IOWA CITY, Ia. – Kirk Ferentz gathered his Iowa football team for a meeting shortly after a loss to Nebraska ended a humbling 2012 season.
His message was simple. And, as things turned out, prophetic.
“You have two choices,” Ferentz told the returning members of a team that lost its last six games to finish 4-8. “You can get back to work and do something about it, or you can sit around and make excuses.”
This spring, as he traveled the state on the I-Club circuit, Ferentz said he was getting a similar offseason vibe from his team to the one that dedicated itself to rebounding from a 6-6 record and bowl-free season in 2007.
That 2008 team went 8-4 in the regular season, including a 5-3 mark in the Big Ten. And after losing their first game in November, those Hawkeyes won the final three to earn an Outback Bowl bid. The 2013 team has followed the same script to the same overall and conference records.
“The short answer is, they’re one game away from proving it,” Ferentz said when asked about the similarities between the two teams. “But the long answer is that I thought there were a lot of parallels.”
The “one game” Ferentz speaks to is the Outback Bowl, and a matchup against No.14 LSU on Jan.1. The 2008 team beat South Carolina 31-10 in Tampa, Fla., to finish 9-4.
“That team (2008) had a lot of great stories,” Ferentz said. “This one has already. The thing I think is very similar is these guys will be very anxious to perform their best in their last ballgame. The 2008 group did that. They took that challenge and rode it right into the last game. That’s the challenge that’s ahead of us now. But there are a lot parallels. Again, it gets back to the high quality group of guys who were committed to making sure we got back to where we wanted to be.”
Ed Podolak, a football standout at Iowa and in the NFL with the Kansas City Chiefs, has been a close observer of the Hawkeyes in his current role as an analyst on the Hawkeye Radio Network. He points to Ferentz as the catalyst for the rebound season.
“You’ve got to believe in what you are doing, and you don’t change what you do just because that (2012) happens,” Podolak said. “If you stay with what you believe in, which he did, it works. They believe in him.”
There are plenty of other striking similarities between the 2008 and 2013 teams.
Both teams started with uncertainty at quarterback. In 2008, Ricky Stanzi beat out Jake Christensen during the course of the season. Jake Rudock emerged from a three-man competition that included C.J. Beathard and Cody Sokol to win the starting job in fall camp. Stanzi, like Rudock, was a redshirt sophomore.
All-American and Doak Walker Award winner Shonn Greene set a school single-season rushing record with 1,850 yards in 2008. The team averaged 188.7 yards per game, up from 126.2 the year before. The 2013 team has averaged 188.6 yards a game, up from 123.0 in 2012.
The 2008 team was 3-3 at one point, stubbing its toe at Pittsburgh, but won five of its last six regular-season games, including a 24-23 upset of No. 3 Penn State at Kinnick Stadium. The 2013 team was 4-3, losing its opener to Northern Illinois, before winning four of its last five, including a season-ending 38-17 triumph at Nebraska.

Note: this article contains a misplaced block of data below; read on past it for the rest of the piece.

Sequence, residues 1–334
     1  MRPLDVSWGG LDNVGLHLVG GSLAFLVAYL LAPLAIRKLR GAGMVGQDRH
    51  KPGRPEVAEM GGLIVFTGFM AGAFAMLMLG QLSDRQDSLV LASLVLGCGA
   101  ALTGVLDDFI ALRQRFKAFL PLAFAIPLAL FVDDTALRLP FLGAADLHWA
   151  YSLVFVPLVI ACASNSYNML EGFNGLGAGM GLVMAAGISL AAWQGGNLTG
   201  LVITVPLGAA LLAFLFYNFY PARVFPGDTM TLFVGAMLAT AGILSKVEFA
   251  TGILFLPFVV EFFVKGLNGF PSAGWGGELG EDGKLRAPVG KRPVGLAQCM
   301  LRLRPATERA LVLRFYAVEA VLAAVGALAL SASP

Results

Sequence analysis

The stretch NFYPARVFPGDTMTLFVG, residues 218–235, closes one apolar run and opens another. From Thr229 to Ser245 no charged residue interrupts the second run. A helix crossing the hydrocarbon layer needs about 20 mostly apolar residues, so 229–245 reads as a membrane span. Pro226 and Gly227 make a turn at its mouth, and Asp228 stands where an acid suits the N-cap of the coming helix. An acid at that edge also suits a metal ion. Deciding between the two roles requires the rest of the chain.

Statistically, both teams responded to bowl-free seasons with significant improvement on both sides of the ball. The positive attitude and offseason dedication in the weight room — at the heart of the vibe Ferentz noticed in the spring — was as vital to the turnaround as the adjustment to six new assistant coaches during a two-year period.
Asked which position made the biggest jump from a season ago, Ferentz points to the defensive line. Podolak agrees.
“I think the improvement of the defensive line, from last season to this season, is the biggest jump I’ve ever seen in any part of a Kirk Ferentz team,” Podolak said. “Last year they were athletic, but they were young and undersized. They just weren’t big boys. This year you can see their technique is improved. But more importantly they got bigger and stronger. And (watch out for) what’s ahead for that group.”
The way this team played down the stretch also stood out to Podolak.
“I know that Kirk’s teams don’t give up, and he’s going to get the best effort out of them,” Podolak said. “And I don’t know of an experience in my years of covering the team that I was more impressed by than what the team did in those last two games (against Michigan and Nebraska). You could just feel it in this team.
“They worked hard, they had good leadership and they were going to get there, no matter how many doubters there were.”
Much like 2008, upperclassmen paved the way for success in 2013 by taking ownership of the challenge ahead.
“They all accepted the fact that we wanted to change things in a positive way,” Ferentz said. “And they were committed, most of all, to doing the hard work that’s involved.”
That commitment wasn’t based on shortcuts or quick fixes.
“It really comes down to just doing things better,” Ferentz said. “That was the thing we emphasized a year ago. Not necessarily anything harder, or any longer. Just doing things better. And I think our guys really embraced that.”
A TALE OF TWO BOUNCE-BACK SEASONS
Category 2007 2008
Total offense 316.3 370.4
Passing yards per game 190.1 181.7
Rushing yards per game 126.2 188.7
Points per game 18.5 30.3
Opponents’ total offense 351.2 291.3
Opponents’ passing yards per game 229.2 197.3
Opponents’ rushing yards per game 122.0 94.0
Opponents’ points per game 18.8 13.0
Category 2012 2013
Total offense 310.4 388.9
Passing yards per game 187.4 200.4
Rushing yards per game 123.0 188.5
Points per game 19.3 27.3
Opponents’ total offense 381.6 303.2
Opponents’ passing yards per game 219.5 182.4
Opponents’ rushing yards per game 162.1 120.8
Opponents’ points per game 22.9 18.8
Category: Iowa Hawkeyes Football